Karen Hanrahan has been using the same McDonald's hamburger as a prop in her "Healthy Choices for Children" class since 1996 -- 12 years! -- and it's hardly aged a day in all that time. McDonald's should add "immortality" to its list of Unique Selling Propositions for its burgers (unless Karen has an ornate oil painting of the burger in her living room in which it slowly ages, grows mouldy, and decomposes).
The burger on the right, off the paper is a 2008 burger. I had to buy it to get the groovy paper and bag.
The meat is a tad darker, the bun a little less golden but in 12 years it will look exactly like that too.
Do you find this horrifying?
McDonalds fills an empty space in your belly. It does nothing to nourish the cell, it is not a nutritious food.
It is not a treat.
I marvel at how McDonalds has infiltrated our entire world. A hamburger here tastes exactly the same in China or some around the world place.
Remember back to the time when people thought java was just a hip way to talk about coffee? Or you vaguely remembered from geography class that it’s an island in the South Pacific? We’ve come a long way since then and now that we’ve rocket blasted into the tech future, you’re going to need to […]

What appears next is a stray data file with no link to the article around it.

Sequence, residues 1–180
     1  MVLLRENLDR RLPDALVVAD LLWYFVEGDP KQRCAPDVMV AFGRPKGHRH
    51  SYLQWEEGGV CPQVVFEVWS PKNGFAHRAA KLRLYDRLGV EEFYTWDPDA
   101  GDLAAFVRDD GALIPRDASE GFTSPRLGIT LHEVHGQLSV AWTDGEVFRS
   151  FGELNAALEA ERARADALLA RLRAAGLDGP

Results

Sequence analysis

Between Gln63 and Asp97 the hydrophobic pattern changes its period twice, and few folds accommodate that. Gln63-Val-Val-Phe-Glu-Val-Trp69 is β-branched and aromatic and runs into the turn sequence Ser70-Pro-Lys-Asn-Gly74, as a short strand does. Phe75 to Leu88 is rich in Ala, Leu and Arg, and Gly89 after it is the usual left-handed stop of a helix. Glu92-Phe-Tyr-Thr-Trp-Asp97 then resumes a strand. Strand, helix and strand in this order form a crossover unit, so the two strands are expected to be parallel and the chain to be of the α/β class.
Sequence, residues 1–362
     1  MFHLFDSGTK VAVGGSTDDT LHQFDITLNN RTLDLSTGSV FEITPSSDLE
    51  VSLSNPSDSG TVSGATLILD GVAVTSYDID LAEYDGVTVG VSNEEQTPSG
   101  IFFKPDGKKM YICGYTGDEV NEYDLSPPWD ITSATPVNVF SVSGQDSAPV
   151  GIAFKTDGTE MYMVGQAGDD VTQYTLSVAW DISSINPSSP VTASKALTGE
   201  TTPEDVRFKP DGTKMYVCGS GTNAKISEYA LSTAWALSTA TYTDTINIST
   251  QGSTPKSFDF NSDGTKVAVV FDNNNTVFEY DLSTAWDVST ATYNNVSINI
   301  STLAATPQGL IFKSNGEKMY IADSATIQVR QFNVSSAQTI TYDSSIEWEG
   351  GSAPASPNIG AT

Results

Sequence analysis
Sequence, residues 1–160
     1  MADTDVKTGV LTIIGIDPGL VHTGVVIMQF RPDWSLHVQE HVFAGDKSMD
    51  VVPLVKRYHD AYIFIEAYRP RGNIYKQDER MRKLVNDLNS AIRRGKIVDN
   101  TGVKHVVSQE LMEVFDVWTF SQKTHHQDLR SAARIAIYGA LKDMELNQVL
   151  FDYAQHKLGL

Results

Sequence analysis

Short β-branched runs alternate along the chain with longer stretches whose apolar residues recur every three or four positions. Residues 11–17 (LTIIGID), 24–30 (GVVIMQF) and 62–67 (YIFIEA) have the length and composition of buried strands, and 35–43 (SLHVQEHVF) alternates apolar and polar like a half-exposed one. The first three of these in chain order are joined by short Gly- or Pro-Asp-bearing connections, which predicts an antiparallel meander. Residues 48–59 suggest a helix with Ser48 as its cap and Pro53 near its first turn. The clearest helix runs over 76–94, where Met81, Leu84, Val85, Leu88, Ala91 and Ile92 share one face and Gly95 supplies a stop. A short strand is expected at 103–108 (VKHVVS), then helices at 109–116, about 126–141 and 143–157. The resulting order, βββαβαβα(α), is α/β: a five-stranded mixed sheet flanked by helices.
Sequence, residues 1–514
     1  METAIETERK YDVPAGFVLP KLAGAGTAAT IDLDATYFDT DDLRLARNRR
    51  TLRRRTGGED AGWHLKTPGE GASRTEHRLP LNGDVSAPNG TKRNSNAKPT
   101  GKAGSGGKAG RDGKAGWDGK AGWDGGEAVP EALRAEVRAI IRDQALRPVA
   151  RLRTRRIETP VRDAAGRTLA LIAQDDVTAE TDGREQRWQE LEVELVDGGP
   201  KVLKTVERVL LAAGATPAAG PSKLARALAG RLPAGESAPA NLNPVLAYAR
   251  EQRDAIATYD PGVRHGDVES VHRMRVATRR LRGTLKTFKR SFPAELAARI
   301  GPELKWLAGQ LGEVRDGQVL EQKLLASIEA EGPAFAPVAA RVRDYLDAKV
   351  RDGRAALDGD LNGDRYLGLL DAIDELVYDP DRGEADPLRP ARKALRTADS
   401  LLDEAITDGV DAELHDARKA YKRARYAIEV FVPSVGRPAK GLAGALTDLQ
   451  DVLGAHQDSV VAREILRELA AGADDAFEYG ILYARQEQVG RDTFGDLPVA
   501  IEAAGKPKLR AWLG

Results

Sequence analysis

Plastic is so 2013. You don’t want to buy something only to throw it away or lose it and barely care. You like nice things and want to hang onto them. The Plazmatic lighter here is a high quality, high tech alternative to the typical cheap, plastic lighter you get at the old gas station. […]
Real engineers build things. Super cool engineers build things with their hands and fingers, like our engineering forefathers did. No idea where to even begin to do that? This step by step Arduino course is now 92% off and is going to get you up and running, from zero to hero, in no time. So […]